Lily King’s novel, Writers and Lovers is the kind of book that is so readable that it’s over before you are quite ready for it to be over. Usually books that we can’t put down are mysteries or thrillers, but this book is not in either of those genres. I suppose it would be classified as literary, but it is not at all obscure. Casey’s life is not in a good place. Her mom just died. They had a blip in their mother-daughter relationship but it got mended and they became very close. She is trying to finish writing a novel and yet she wants to cancel her appointment at a writer’s camp in Rhode Island because her grief is not the best mood for writing. And indeed, she gets almost nothing done but she does have a sexy romp with another writer, Lucas, which ends badly.
We find her, after her days at writer’s camp living in the garage of a friend of her brother, in what is so shabby and small it can hardly be called an apartment. Casey does not want to sell out. She does not want to take a job just for money because then she won’t have any time to write. But her college loans are weighing on her and we all know those lenders do not leave you alone. She is working as a waitress at Iris, a restaurant that King describes so perfectly that we know exactly where it fits in our restaurant schema; at the high end. King also brings all of the other wait staff, owners, chefs to life with deft character sketches that don’t require too much detail because we already know these people in a sense. Some of Casey’s fellow employees are miserable and some are warm and see work as a cooperative venture.
Casey’s friend Muriel is also a writer and she can see the grief and the debt weighing down on Casey’s mind. She takes her to a party where a writer named Oscar is set up in the kitchen for a book signing. She has another writer on her mind, named Silas who left town after they had one date – hard not to take that personally. She doesn’t pay attention to Oscar but he pursues her and shows up at Iris with his two lovable sons. His wife, the boy’s mom, died and he is past the main stages of his grief, looking for a new wife and a new mom for his boys. Here is another trap for Casey. First of all she doesn’t really want to be a wife and a mom, she wants to be a writer. Can she be both? But she is half in love with those two little boys. Second, Oscar is older than she is and is already a published writer with a pretty hefty ego. Is Oscar likely to be happy if she also becomes a successful published writer. And then there is that other interesting weirdo, Silas. He is back in her life and yet just as skittish. Will Casey Peabody have a nervous breakdown now that her landlord tells her the garage property is up for sale and the new chef turns mean. Quelle dilemma.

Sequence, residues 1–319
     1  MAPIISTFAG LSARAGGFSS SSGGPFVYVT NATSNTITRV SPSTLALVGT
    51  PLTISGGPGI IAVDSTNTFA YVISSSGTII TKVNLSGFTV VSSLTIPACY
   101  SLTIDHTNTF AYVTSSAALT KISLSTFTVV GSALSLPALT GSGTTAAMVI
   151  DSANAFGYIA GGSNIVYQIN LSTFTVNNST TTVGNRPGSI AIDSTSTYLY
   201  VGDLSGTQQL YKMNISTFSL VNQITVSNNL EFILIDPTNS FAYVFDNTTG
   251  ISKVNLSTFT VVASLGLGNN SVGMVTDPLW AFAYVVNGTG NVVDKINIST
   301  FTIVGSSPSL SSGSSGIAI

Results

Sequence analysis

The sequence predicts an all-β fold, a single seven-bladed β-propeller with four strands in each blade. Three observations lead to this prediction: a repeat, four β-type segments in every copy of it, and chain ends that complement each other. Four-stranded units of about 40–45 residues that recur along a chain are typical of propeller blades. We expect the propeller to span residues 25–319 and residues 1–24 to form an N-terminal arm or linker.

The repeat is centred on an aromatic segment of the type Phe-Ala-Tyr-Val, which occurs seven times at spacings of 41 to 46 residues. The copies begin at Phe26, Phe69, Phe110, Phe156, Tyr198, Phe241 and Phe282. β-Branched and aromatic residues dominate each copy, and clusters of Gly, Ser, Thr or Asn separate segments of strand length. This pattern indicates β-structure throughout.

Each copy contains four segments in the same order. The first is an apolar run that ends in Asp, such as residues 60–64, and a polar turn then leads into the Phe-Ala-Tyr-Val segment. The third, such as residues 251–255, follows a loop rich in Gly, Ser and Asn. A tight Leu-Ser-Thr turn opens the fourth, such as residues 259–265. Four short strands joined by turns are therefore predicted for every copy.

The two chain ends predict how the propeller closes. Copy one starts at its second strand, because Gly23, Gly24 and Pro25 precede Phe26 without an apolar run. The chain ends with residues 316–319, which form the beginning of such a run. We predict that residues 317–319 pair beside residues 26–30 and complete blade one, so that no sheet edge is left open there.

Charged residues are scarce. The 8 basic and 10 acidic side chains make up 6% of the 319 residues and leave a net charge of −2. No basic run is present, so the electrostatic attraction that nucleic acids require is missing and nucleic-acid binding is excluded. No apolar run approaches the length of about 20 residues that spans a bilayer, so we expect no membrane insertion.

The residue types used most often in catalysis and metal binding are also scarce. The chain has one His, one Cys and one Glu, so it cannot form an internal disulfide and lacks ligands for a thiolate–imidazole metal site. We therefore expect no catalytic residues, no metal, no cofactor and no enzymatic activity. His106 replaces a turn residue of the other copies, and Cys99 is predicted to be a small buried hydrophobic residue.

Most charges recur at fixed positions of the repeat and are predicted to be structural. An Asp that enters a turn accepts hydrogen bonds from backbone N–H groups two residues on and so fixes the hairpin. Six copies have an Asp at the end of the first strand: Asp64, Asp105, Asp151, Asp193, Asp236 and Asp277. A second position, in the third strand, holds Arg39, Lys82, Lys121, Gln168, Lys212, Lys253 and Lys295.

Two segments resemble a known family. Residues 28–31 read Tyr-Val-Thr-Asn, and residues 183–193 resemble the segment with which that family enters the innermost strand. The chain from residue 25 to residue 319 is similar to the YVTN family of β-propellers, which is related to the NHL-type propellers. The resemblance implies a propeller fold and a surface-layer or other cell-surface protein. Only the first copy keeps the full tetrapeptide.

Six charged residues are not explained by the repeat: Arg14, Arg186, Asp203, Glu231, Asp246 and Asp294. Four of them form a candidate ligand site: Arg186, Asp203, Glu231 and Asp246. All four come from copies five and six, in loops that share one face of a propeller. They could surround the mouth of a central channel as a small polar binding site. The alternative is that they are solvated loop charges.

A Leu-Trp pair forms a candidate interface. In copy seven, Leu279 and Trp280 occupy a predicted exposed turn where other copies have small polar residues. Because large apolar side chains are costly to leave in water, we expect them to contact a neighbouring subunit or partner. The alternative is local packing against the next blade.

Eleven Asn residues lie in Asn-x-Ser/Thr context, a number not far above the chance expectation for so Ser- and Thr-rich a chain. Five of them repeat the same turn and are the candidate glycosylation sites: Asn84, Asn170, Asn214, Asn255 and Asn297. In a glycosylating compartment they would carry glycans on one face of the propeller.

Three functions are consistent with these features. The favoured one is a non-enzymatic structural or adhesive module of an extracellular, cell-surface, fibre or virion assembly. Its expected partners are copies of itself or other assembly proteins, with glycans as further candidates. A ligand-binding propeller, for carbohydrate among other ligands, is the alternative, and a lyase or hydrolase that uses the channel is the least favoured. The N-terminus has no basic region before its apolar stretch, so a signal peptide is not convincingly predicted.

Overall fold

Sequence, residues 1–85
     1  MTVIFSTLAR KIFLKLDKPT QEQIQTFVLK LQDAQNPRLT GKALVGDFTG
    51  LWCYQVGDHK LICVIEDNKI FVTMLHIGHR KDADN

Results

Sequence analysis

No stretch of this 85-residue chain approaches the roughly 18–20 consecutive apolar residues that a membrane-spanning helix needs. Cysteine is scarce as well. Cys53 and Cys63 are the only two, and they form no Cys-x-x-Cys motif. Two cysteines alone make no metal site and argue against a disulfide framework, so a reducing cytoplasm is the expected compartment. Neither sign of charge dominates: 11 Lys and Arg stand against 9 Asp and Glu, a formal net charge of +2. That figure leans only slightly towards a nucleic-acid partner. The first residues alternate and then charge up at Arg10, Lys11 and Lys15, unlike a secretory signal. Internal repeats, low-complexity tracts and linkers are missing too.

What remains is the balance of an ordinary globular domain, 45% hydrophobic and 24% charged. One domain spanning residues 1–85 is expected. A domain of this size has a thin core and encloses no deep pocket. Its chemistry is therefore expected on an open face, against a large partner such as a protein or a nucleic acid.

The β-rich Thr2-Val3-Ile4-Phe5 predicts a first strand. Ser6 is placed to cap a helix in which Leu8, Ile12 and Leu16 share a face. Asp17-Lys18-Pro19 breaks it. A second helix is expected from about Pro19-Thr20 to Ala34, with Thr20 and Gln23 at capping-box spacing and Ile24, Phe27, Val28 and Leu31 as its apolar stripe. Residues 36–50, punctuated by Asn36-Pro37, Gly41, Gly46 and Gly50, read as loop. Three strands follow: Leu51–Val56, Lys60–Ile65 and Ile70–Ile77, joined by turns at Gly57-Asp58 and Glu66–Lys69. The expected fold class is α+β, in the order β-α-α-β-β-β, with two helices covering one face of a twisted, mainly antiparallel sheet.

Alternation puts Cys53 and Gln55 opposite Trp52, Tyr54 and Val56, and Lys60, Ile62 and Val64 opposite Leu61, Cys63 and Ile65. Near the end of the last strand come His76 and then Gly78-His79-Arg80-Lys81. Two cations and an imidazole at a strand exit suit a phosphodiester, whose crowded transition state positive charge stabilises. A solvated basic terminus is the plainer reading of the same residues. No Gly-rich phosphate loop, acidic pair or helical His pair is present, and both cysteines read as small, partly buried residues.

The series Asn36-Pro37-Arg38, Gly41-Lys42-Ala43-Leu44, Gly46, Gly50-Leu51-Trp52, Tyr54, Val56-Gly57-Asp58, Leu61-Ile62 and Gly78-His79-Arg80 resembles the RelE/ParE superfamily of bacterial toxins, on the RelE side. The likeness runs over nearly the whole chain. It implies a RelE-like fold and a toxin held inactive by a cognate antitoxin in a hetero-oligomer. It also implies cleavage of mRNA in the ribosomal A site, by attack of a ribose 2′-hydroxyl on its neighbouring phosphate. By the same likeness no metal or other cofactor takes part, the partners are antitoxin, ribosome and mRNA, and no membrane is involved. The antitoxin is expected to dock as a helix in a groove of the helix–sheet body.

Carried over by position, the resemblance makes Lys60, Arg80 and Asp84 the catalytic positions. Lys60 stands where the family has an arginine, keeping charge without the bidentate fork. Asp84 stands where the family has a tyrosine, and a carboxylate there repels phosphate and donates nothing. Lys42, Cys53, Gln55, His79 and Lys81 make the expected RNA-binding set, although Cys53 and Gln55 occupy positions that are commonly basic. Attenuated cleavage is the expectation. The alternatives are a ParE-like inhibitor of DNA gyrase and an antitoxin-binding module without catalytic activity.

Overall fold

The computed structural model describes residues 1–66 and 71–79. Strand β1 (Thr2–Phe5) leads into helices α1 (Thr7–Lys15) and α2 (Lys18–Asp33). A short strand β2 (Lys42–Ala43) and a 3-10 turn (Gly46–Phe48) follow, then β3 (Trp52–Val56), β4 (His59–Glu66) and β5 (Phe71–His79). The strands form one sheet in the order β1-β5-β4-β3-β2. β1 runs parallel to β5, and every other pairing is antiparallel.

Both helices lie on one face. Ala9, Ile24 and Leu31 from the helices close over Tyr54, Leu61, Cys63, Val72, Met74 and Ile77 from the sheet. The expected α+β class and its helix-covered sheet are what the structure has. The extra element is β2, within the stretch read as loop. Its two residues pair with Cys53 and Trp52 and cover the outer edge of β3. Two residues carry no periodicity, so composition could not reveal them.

I see that I made this sound like some kind of romance novel, which it really isn’t. That’s because I’m not as good a writer as Lily King. Maybe I enjoyed this novel so much because I am currently trying to write a novel of my own. Still, worthwhile if the story line is of interest to you.